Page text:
Well-crafted, unorthodox take on the story of Isaac and his kin.



The dramatic extrapolation of an ancient story.

Bassett takes up the tale of the biblical Isaac, or Ishak, in his young adulthood. A sensitive, intelligent boy struggling to find his place in the adult world, Ishak is a familiar character to those versed in his Old Testament story. However, Bassett takes the slight personality traits only hinted at in the Bible and expands them into a fictional world of the ancient Near East. In Bassett’s version, Abram becomes a violent prophet, prone to rage and leading his people by a mixture of extreme gravitas and occasional cruelty. His wife Sarah is a bitter, conniving woman succumbing to old age. Servant Eliezar is good-hearted but basically weak. And son Ishmael has the natural leadership qualities to rival the father who once sent him away. Together these and many other characters play out an epic story against a backdrop of intrigue, violence and magic. Indeed, even in Abram’s realm this is not the monotheistic world one would expect, but rather one steeped in the reverence of ancient gods such as Enlil, and the fear and hope in all things supernatural, including Abram’s God, but far from exclusively so. Even Abram himself, though a prophet and dedicated to the God who speaks to him, is surrounded by a mystical, magical worldview that he both deals with and feeds from. Bassett has a unique writing style that makes the reader more clearly imagine an ancient oral storyteller rather than a modern fictional account. He is also able to turn a clever phase here and there (“the miasmic exhalations of two old women, brined in resentment and secret vice.”). Some readers will balk at the license Bassett takes with the biblical account and his rather unflattering portrayal of Abram, father of three great world faiths. However, as a piece of fiction the book is readable, believable and entertaining.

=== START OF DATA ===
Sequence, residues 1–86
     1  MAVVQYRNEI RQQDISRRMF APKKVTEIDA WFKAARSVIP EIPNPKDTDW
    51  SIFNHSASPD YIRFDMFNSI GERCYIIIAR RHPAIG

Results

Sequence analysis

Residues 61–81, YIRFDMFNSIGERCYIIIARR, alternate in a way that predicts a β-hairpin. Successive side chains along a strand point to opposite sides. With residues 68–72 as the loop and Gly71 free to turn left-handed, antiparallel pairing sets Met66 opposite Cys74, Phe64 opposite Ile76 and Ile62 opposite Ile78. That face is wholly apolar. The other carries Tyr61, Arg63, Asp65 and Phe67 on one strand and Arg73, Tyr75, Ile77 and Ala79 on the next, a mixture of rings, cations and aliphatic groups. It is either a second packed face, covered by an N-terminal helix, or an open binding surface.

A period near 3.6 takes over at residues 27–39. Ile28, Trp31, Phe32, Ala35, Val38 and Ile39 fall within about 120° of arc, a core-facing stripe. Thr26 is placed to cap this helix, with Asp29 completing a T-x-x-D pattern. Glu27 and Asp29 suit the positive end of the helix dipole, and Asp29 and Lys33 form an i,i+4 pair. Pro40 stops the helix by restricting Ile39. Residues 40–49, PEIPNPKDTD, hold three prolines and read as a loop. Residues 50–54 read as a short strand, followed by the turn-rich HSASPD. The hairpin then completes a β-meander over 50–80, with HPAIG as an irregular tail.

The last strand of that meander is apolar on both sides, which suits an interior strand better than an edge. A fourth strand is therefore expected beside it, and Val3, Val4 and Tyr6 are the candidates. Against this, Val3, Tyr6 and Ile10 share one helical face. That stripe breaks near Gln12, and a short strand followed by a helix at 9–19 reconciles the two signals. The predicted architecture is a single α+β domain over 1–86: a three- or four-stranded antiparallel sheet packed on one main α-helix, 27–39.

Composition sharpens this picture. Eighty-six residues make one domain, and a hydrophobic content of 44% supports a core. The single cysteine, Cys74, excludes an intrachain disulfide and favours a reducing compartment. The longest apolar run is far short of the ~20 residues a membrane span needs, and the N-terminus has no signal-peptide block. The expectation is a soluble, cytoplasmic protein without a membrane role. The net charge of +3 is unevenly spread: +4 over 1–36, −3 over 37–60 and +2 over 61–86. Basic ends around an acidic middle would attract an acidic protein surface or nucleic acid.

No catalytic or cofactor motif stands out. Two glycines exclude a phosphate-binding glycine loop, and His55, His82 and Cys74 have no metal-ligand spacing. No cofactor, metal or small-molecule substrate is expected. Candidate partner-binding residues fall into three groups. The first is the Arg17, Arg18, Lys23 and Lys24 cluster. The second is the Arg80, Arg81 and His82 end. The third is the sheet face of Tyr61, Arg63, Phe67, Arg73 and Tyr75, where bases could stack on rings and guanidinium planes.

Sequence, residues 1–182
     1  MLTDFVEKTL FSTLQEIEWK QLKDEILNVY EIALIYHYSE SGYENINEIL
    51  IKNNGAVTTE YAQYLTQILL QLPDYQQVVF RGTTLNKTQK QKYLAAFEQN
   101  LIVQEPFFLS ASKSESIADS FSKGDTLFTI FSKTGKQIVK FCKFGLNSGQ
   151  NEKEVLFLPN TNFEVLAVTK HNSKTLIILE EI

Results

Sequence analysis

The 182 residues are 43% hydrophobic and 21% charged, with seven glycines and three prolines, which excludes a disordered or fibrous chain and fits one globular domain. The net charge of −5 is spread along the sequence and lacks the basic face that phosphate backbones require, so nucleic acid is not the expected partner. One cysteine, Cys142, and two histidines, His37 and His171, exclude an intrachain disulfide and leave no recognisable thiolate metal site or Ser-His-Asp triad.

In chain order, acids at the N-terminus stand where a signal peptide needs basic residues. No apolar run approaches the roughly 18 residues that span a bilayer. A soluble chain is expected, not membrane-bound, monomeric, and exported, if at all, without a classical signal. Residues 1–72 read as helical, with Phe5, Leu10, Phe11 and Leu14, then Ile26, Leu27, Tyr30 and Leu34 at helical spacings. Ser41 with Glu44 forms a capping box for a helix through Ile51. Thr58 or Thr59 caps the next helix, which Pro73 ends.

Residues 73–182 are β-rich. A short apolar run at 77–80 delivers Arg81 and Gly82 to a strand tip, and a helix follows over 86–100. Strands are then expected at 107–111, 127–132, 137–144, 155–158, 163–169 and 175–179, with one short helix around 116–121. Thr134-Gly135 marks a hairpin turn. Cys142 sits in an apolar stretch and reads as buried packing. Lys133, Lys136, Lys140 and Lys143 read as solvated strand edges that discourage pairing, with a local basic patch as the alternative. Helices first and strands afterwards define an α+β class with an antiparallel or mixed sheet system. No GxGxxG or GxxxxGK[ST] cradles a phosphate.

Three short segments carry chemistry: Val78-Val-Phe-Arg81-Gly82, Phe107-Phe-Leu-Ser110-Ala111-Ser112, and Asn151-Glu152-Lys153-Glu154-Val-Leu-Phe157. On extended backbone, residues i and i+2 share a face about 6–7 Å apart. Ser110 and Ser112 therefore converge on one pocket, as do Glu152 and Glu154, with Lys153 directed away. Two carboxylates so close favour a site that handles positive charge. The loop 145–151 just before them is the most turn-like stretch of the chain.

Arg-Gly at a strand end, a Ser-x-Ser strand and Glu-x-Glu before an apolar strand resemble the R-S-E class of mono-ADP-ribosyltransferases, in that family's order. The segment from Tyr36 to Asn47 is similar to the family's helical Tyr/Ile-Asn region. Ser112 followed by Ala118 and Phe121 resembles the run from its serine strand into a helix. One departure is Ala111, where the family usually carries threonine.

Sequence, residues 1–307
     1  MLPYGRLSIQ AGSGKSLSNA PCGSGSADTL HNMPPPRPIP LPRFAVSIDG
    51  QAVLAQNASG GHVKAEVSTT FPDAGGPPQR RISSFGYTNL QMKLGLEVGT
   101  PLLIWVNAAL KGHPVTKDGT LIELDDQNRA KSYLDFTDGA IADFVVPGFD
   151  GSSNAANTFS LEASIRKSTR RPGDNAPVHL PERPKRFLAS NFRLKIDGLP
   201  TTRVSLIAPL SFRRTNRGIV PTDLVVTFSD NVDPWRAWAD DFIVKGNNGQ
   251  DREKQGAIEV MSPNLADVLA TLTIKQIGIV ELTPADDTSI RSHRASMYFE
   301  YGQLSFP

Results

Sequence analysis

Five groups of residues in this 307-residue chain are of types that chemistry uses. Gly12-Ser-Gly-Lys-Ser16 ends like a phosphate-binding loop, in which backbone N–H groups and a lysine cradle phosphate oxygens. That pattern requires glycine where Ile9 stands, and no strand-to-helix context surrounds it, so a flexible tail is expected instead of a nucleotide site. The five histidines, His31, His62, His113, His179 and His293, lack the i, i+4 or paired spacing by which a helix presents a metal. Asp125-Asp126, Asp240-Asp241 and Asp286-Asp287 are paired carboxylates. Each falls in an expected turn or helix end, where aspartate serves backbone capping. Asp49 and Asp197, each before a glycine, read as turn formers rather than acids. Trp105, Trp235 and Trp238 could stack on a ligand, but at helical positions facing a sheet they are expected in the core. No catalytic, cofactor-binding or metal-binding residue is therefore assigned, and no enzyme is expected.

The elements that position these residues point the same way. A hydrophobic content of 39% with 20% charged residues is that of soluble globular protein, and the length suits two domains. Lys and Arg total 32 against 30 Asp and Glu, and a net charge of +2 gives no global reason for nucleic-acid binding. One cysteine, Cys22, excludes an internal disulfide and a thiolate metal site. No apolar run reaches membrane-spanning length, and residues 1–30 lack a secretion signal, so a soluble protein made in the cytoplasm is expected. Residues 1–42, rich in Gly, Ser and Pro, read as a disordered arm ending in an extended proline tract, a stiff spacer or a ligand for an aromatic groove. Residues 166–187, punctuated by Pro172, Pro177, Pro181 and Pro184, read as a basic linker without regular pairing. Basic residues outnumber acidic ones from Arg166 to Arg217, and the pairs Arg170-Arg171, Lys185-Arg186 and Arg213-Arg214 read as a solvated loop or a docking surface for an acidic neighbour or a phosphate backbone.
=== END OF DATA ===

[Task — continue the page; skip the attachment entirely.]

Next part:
Well-crafted, unorthodox take on the story of Isaac and his kin.

Pub Date: Jan. 29, 2010

ISBN: 978-1441587053

Page Count: 346

Publisher: Xlibris

Review Posted Online: July 23, 2010

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A tasty, if not always tasteful, tale of supernatural mayhem that fans of King and Crichton alike will enjoy.


Are we not men? We are—well, ask Bigfoot, as Brooks does in this delightful yarn, following on his bestseller World War Z (2006).

A zombie apocalypse is one thing. A volcanic eruption is quite another, for, as the journalist who does a framing voice-over narration for Brooks’ latest puts it, when Mount Rainier popped its cork, “it was the psychological aspect, the hyperbole-fueled hysteria that had ended up killing the most people.” Maybe, but the sasquatches whom the volcano displaced contributed to the statistics, too, if only out of self-defense. Brooks places the epicenter of the Bigfoot war in a high-tech hideaway populated by the kind of people you might find in a Jurassic Park franchise: the schmo who doesn’t know how to do much of anything but tries anyway, the well-intentioned bleeding heart, the know-it-all intellectual who turns out to know the wrong things, the immigrant with a tough backstory and an instinct for survival. Indeed, the novel does double duty as a survival manual, packed full of good advice—for instance, try not to get wounded, for “injury turns you from a giver to a taker. Taking up our resources, our time to care for you.” Brooks presents a case for making room for Bigfoot in the world while peppering his narrative with timely social criticism about bad behavior on the human side of the conflict: The explosion of Rainier might have been better forecast had the president not slashed the budget of the U.S. Geological Survey, leading to “immediate suspension of the National Volcano Early Warning System,” and there’s always someone around looking to monetize the natural disaster and the sasquatch-y onslaught that follows. Brooks is a pro at building suspense even if it plays out in some rather spectacularly yucky episodes, one involving a short spear that takes its name from “the sucking sound of pulling it out of the dead man’s heart and lungs.” Grossness aside, it puts you right there on the scene.